Agencies Give Creatives License to Wed and Work

Why Some Couples Don't Mind Mixing the Professional and Personal

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Aaron and Mandy Dietz don't mind mixing work and pleasure. The husband-and-wife art-director-copywriter team at Goodby, Silverstein & Partners is living on the cutting edge of what could be an emerging trend in the creative department: Call it "married with agency."
So happy together: The Wixom team
So happy together: The Wixom team

Mr. Dietz, 35, and his wife, 34, bonded over an assignment for Crane stationery at Farmington, Conn., shop Keiler & Co. After they married, they moved to San Francisco and sought separate jobs. Soon they realized two things. "We ended up working together even when we weren't working together" at the same agency, Ms. Dietz said. And after a number of interviews, it became apparent "we were more marketable as a team," she said.

The couple shares an 8-foot-by-12-foot office at Goodby and a junior one-bedroom apartment that's not much bigger. They share one office telephone line, which has caller ID displayed internally "Aaron and Mandy Dietz."

And they aren't afraid to be public about their lives. The couple has established a website,, which has a live webcam feed of their office space and their home, usually focused on their cat sitting in a chair.

'Having a marital'
But working in the same office has its drawbacks, no matter how well-matched the couple. Goodby's general manager, Derek Robson, said co-workers are aware when the couple is "having a marital." In an attempt to keep emotions under wraps, when tempers flare, the two go on iChat and have what Ms. Dietz calls an I-spat. "We fire off IMs back and forth; it's much more civilized," she said.

Because the on-and-off-job lives of the Dietzes and other art-director-copywriter couples mesh so easily, it does benefit the agency, they said. Home at night, Ms. Dietz cooks dinner while her husband comps the day's work, sketching out creative solutions. "One of the great things is they take the work home with them -- and they always solve it. You can tell they spent all dinner sketching it," said Christian Haas, group creative director, calling the team one of the agency's most liked and well-regarded.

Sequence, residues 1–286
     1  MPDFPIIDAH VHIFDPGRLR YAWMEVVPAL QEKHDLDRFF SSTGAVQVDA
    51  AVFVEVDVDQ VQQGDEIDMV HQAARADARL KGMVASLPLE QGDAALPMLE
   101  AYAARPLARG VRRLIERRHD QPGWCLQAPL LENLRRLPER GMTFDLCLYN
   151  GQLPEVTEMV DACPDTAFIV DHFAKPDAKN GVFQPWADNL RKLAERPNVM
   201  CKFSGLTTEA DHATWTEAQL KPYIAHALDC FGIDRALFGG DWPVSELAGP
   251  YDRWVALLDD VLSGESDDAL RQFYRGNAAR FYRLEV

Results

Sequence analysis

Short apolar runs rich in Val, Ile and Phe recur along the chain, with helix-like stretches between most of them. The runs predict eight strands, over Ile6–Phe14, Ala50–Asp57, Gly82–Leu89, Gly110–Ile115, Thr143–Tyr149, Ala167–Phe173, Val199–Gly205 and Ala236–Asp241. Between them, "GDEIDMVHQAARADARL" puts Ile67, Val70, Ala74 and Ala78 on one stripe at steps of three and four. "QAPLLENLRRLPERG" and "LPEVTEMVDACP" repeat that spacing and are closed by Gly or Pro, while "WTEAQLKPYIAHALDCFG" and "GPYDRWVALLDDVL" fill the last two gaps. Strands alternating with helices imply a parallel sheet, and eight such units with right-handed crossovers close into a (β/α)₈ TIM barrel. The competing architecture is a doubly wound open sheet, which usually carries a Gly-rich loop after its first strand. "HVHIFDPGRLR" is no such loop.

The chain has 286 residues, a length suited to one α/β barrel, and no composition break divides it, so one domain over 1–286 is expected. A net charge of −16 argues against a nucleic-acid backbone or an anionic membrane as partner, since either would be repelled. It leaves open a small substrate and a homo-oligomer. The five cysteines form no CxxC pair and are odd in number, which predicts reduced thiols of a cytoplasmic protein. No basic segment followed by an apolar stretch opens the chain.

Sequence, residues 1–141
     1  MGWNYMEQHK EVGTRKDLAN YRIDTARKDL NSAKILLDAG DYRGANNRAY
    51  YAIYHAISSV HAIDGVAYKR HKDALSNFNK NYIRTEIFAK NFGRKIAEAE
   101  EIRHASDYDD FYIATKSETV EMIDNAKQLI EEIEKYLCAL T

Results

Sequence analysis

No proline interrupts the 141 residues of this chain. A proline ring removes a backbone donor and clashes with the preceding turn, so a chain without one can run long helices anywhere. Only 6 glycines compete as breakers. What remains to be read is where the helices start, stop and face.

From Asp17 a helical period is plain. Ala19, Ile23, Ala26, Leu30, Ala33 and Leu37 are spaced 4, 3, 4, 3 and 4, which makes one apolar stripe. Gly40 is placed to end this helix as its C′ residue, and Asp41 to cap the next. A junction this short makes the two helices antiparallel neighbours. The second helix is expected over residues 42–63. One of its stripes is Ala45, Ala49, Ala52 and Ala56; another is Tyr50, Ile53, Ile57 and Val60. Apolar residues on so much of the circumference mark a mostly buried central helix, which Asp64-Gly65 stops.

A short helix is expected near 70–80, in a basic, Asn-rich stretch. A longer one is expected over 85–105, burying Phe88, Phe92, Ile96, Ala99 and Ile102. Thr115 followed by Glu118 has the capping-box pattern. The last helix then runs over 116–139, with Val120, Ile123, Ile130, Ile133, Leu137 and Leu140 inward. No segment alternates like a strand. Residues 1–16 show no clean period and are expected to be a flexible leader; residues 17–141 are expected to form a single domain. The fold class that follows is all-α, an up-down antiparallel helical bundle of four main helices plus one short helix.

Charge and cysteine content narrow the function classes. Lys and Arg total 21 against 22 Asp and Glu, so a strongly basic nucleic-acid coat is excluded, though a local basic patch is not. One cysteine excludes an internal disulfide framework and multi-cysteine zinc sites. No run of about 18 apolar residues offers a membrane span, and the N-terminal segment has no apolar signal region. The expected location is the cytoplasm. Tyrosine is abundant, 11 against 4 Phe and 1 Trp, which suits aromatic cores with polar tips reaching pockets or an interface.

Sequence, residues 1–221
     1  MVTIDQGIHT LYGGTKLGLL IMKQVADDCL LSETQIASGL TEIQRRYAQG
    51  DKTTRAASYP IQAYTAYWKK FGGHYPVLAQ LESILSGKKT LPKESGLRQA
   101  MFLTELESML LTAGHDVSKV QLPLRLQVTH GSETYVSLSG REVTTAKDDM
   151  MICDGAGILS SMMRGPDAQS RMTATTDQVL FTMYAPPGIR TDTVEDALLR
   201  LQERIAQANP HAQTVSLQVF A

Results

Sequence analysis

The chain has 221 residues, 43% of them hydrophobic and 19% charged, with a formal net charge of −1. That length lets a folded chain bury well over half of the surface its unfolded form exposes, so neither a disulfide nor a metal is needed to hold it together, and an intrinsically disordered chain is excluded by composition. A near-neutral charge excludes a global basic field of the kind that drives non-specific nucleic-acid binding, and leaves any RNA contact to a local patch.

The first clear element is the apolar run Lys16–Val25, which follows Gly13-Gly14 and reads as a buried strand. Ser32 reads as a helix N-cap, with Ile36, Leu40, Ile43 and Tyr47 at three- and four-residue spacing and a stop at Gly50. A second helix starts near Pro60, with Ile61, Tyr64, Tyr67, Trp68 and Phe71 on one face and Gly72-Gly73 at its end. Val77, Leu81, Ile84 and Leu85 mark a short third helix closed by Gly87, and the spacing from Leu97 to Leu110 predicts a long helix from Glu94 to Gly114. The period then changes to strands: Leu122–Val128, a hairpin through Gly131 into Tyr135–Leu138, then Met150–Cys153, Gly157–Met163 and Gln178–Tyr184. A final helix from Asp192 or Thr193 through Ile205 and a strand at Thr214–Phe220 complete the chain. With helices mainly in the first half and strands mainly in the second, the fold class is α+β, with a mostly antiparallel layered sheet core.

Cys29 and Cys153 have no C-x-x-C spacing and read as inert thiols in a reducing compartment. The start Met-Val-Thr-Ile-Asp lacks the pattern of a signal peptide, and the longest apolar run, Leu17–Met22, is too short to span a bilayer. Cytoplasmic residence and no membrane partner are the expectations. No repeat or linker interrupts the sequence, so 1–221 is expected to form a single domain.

Of course, the couple still has to grapple with those nefarious issues of money and pride. Jeff Goodby, agency co-chairman, said it was made clear to the couple that over time, one might get paid more, promoted or transferred to another team. So far that hasn't happened.

Another pioneering art-director-copywriter couple, Bartle Bogle Hagarty Art Director Kris Wixom and Copywriter Alisa Sengel Wixom, recommend the married-with-agency lifestyle because it allows them to spend a lot of time together in a business where creatives often don't see their spouses for long periods during out-of-town shoots and editing sessions.

Roger Camp, chief creative officer, Publicis & Hal Riney, who worked with the couple when all three were at Fallon, said during shoots the couple would take a bit of home to work with them, bickering over things such as bills or household chores. The pair agreed that home life sometimes spilled into the office.

Once, Mr. Camp said, on a shoot for Brawny paper towels, production came to a halt when the actors, crew and other agency and marketing executives needed direction from the Wixoms, who were charged with writing the script. The couple, which bills themselves as "the creative team that also has sex," had disappeared in the middle of the shoot. A production assistant spotted them embracing in the woods. "They came back a little sheepishly," Mr. Camp said.

Ms. Sengel Wixom, however, disputed Mr. Camp's recollection. "Not on that shoot," she said.
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